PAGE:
Baronet Booth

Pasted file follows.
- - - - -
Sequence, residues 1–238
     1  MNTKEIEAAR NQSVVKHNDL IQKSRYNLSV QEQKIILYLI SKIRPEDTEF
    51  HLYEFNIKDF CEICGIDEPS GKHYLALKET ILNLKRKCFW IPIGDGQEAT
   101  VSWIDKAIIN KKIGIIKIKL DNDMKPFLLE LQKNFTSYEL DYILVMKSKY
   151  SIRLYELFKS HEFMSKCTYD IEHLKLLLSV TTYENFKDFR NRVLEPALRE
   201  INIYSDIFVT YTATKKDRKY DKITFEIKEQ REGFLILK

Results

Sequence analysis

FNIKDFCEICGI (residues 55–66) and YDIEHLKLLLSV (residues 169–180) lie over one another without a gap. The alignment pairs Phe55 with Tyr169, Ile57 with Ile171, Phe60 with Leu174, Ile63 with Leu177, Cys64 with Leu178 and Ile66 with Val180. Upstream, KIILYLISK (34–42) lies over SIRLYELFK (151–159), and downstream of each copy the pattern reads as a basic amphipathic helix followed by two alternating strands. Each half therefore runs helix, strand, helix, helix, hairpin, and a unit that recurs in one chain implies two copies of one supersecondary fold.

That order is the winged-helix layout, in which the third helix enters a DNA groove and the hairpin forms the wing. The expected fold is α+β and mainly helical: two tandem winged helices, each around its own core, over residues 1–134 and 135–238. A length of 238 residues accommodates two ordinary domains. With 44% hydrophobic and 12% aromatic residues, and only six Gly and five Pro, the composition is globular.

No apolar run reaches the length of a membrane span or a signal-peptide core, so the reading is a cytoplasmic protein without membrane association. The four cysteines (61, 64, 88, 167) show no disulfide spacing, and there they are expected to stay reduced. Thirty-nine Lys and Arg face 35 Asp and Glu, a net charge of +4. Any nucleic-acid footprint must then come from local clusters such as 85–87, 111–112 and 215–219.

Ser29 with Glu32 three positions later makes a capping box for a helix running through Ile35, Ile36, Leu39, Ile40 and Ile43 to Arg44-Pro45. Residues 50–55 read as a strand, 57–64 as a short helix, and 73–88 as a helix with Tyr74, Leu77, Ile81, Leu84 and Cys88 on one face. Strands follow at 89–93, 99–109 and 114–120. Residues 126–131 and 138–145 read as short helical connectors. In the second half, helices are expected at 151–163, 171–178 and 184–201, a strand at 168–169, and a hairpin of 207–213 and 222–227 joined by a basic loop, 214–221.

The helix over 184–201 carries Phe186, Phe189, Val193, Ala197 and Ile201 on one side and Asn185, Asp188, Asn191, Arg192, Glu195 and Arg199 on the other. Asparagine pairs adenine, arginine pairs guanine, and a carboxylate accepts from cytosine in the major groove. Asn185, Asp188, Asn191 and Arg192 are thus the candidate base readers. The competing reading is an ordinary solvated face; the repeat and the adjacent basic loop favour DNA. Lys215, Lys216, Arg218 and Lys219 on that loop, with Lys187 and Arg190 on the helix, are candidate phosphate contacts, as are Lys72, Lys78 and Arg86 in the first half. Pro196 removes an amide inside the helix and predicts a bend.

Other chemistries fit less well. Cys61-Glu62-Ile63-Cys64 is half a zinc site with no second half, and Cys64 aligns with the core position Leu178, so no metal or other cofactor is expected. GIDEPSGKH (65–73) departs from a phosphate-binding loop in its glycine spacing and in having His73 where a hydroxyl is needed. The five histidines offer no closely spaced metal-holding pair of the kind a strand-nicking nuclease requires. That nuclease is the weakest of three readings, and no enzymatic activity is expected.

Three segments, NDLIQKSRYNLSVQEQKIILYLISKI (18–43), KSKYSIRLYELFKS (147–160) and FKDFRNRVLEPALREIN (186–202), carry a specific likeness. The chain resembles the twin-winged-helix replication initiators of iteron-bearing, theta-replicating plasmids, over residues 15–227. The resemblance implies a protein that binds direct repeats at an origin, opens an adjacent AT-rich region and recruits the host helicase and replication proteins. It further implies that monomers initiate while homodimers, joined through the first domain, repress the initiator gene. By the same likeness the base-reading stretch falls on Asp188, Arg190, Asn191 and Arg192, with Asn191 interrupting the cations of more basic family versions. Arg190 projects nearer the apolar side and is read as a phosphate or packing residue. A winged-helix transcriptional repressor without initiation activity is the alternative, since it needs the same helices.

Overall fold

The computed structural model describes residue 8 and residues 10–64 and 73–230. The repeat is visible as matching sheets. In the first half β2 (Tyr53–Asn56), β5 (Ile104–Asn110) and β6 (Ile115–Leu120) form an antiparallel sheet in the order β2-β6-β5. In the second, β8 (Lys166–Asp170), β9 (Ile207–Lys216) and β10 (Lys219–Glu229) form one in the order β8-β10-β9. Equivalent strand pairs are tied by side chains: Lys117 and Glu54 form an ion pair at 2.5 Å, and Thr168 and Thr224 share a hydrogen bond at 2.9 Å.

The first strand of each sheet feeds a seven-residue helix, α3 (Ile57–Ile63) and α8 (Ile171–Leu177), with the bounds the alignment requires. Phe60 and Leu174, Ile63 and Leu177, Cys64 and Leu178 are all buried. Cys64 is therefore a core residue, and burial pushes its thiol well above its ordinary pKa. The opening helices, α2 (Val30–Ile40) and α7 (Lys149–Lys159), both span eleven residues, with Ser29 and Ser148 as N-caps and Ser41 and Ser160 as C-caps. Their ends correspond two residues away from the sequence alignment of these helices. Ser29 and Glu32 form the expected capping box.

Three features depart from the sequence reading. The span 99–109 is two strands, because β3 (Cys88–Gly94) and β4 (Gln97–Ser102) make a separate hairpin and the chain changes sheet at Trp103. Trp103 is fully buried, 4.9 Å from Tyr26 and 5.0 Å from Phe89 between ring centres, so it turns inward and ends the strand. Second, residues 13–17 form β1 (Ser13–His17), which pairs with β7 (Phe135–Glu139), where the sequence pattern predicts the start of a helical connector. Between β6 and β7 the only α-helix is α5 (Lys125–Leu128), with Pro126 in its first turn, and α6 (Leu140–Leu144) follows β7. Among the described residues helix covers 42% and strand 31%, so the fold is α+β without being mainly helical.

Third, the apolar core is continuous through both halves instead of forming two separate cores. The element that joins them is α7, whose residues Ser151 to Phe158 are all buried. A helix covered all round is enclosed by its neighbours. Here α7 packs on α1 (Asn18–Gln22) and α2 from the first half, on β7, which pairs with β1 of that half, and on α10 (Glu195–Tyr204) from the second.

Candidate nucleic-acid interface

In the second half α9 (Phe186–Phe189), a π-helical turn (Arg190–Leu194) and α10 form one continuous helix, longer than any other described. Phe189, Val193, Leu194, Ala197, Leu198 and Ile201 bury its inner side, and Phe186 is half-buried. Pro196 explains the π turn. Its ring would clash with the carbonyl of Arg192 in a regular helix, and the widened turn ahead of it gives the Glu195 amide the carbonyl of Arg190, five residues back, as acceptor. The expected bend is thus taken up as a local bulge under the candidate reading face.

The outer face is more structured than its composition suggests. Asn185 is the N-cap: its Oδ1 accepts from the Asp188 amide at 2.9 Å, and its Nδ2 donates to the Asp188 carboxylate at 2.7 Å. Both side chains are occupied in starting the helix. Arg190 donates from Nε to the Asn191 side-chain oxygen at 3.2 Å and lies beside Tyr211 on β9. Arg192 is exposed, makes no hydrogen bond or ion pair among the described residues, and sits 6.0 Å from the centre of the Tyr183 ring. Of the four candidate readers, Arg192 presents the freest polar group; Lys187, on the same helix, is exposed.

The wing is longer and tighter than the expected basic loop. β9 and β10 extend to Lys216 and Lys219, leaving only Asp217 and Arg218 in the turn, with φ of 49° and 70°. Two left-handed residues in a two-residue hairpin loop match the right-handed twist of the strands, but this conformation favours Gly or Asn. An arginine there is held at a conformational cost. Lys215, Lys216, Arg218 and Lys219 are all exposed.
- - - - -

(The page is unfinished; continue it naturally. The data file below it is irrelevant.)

The Booth genealogy of this branch of the family tree traces back to Thomas Booth of Toxteth Lodge, Liverpool, who was born at Orford, near Wattington, England in 1749. In 1784, he married Esther, daughter of James Noble of Lancaster, and had issue with her, including the following: Henry (a corn merchant at Liverpool and railway projector), James (Counsel to the Speaker of the House of Commons in 1839, and Secretary of the Board of Trade 1856-65, born 1796), and Charles. He died in 1832 and was succeeded by his eldest son, Charles Booth of Liverpool, was born in 1799. In 1829, he married Emily, daughter of Thomas Fletcher of Liverpool, and had issue with her including the following: Alfred, Right Honorable Charles (married Mary, held numerous positions including President of the Royal Statistics Society, daughter of Zachary Macaulay, had issue named Thomas Macaulay, George Macaulay, Charles and Zachary Macaulay), Antonia Mary (married Sir Malcom Martin MacNaghten, son of Baron Macnaghten and had issue with him), Paulina Mary (died young), Margaret Paulina (in 1906, married William Thackeray Denis Ritchie, son of Sir Richmond Thackeray Ritchie, had issue),  and Mary Imogen (in 1912, married Colonel Eric Gore Browne, had issue named Anna and Hester Emily). This Charles died in 1860 and was succeeded by his eldest son Alfred. This Alfred Boorth, who lived on Ullet Road in Liverpool, England (modern day United Kingdom, once Great Britain) was a Justice of the Peace who was born in September of 1834. In 1867, he married Lydia Ailen, daughter of Benjamin Franklin Butler of New York (Attorney General of the United States) and had issue with her as follows: Honorable Captain Charles of the Royal Navy (held numerous positions such as Director of London, Midland, and Scottish Railyway Company, born in 1868, in 1895, married Grace Bryson, daughter of John Weils of New Jersey, had issue named Henry, Lieutenant Commander John Weils, Alfred, Charles, Thomas Lawrence, and Lydia Grace), Sir Alfred Allen (created a Baronet), Mabel, Hester Emily (married Alfred Hughes, a professor at Birmingham University), Constance Lydia Ailen (in 1904, married Godfrey Isaac Howard Lloyd of Old Pount Cottage, Chombham, Surrey, England, a professor at Toronto University in Canada, had children with him), and Harriet Anna (of The Gret House, Boars Hill, Oxford, England, in 1909, married Arthur Gregory Whitting). His son Sir Alfred Allen Booth, 1st Baronet, of Allerton Beeches, Liverpool, England was born in 1872. He was a Director Alfred Booth and Company and educated at Harrow and King’s College Cambridge. He was created a Baronet in January of 1916. In 1903, he married Mary Blake, daughter of Edmund Dwight of New York and Mary Flanagan (daughter of Commodore Homer Crane Blake of the United States Navy), and had three issue with her as follows: Philip (born 1907, in 1935 married Steila Fenton Wood, daughter of I.J. Gerr of Vredefort, South Africa, and New York), Edmund (of Hardwicke House, Ham Common, Surrey, born in 1908, in 1933 married Henrietta Mary, daughter of Sir Charles Addis, had issue named Anthony Edmund, Martin Butler, Philip Addis, and Mary Rachel), and Sylvia Emily (in 1907, married Ivan Amis, son of Henry, of Thornton Way). He later (in 1925) married Margaret Lucy, daughter of Charles Edward Brightwen of Scarborough. The Booth Coat of Arms (sometimes incorrectly called the Booth Family Crest or Booth Family Shield) is blazoned as follows in the medieval European art of heraldry for this branch of the Booth family tree: Per pale per chevron argent ermine and sable in chief two boars’ heads erased and erect of the last and in base a like boar’s head of the first. Crest: A rose gules, barbed, seeded, and encircled by two olive branches proper, thereon a lion passant argent. Motto: Nec temere nec timide. This family resided at Barton Hatch, Limpsfield, county Surrey, England (modern day United Kingdom, once called Great Britain) in the British Isles of Europe.